Women Of Color Get Major Golden Globe Nominations, But Let’s Take A Closer Look

by Erika W. Smith

The Golden Globe nominations were announced yesterday, and we were excited to see so many women of color nominated for major awards.

The TV category in particular celebrated talented women of color. Issa Rae (Insecure), Gina Rodriguez (Jane the Virgin), and Tracee Ellis Ross (Black-ish) are all up for Best Performance by an Actress in a Television Series — Musical or Comedy; Thandie Newton (Westworld) is nominated for Best Performance by an Actress in a Limited Series or Motion Picture Made For Television; and Kerry Washington (Confirmation) is nominated for Best Performance by an Actress in a Supporting Role in a Series, Limited Series or Motion Picture Made for Television.

On the film side, Ruth Negga (Loving) nominated for Best Performance by an Actress in a Motion Picture — Drama; and Viola Davis (Fences), Naomie Harris (Moonlight), and Octavia Spencer (Hidden Figures) are all nominated for Best Performance by an Actress in a Supporting Role in a Motion Picture.

Men of color also saw a rise in nominations from the previous, with Donald Glover (Atlanta), Anthony Anderson (Black-ish), Gael Garcia Bernal (Mozart in the Jungle), and Riz Ahmed (The Night Of) being nominated as well.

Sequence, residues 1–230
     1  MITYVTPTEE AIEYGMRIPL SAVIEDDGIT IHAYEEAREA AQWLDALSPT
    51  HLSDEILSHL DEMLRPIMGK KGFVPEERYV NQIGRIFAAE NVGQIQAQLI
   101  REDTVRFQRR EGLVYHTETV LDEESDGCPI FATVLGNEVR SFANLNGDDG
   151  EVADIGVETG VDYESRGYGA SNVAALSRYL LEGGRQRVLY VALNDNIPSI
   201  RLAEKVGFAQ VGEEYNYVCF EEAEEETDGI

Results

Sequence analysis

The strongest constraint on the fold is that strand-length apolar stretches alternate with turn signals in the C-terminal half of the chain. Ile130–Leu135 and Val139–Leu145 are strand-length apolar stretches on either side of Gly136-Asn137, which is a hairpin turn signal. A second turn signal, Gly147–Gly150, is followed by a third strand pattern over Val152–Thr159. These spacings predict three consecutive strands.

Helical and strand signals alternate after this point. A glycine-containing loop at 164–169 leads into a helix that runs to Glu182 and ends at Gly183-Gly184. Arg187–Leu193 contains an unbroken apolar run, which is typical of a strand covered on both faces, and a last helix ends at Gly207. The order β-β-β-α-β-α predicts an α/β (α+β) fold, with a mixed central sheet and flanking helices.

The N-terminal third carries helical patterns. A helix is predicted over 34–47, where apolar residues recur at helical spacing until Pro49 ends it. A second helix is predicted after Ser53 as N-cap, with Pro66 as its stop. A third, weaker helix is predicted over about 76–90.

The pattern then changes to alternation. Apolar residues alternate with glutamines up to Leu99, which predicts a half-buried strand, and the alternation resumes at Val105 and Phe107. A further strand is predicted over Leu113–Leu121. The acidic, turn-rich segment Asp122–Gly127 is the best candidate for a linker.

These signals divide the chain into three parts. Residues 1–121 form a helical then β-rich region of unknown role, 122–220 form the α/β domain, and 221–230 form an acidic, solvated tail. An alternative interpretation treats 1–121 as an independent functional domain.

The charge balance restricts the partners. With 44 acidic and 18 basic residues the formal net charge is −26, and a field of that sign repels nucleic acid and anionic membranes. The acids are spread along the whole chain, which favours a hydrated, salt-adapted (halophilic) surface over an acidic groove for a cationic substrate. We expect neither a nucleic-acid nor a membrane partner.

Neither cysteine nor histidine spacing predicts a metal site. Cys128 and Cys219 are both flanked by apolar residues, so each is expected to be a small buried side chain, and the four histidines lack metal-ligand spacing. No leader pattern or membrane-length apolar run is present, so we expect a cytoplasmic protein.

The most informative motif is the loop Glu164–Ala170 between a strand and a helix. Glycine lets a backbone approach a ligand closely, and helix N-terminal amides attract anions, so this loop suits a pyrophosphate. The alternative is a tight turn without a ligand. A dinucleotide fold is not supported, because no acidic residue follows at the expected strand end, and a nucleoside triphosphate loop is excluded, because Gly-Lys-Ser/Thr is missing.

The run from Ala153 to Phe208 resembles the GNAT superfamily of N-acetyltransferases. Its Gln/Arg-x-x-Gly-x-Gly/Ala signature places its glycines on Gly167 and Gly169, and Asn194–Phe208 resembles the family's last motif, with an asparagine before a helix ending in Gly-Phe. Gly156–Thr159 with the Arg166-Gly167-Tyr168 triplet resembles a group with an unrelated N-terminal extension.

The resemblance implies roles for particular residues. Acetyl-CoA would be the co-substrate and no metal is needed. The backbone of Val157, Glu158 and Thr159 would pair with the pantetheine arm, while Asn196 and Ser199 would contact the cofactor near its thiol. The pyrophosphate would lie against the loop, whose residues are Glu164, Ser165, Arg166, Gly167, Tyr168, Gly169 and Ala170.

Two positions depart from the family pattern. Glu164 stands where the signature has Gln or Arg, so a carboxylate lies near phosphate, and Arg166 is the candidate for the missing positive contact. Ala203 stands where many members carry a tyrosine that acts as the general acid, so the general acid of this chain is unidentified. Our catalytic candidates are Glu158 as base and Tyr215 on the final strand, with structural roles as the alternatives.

“How wonderful it is to see an awards show so full of diversity, and not just for diversity’s sake but because of the phenomenal performances,” Gina Rodriguez told the LA Times.

As Isha Aran at Fusion points out, this is exciting news — but there’s still a long way to go. Negga is the first woman of color to be nominated for Best Actress in a drama in five years. Three women of color (Davis, Harris and Spencer) are nominated for Best Supporting Actress; that’s more than the last five years of the category combined!

While this is good news, there’s still bad news as well: No people of color are nominated for Best Actor or Best Actress for movie comedies, or for Best Actress in a TV drama. And Mel Gibson is nominated for Best Director, but guess what? Zero women are!

As you should know, awards shows have a history of leaving out people of color, as evidenced by the #OscarsSoWhite conversation. We’re glad to see the Golden Globes take a step towards recognizing talented people of color, but there’s still a long, long way to go.

Top photo: Insecure

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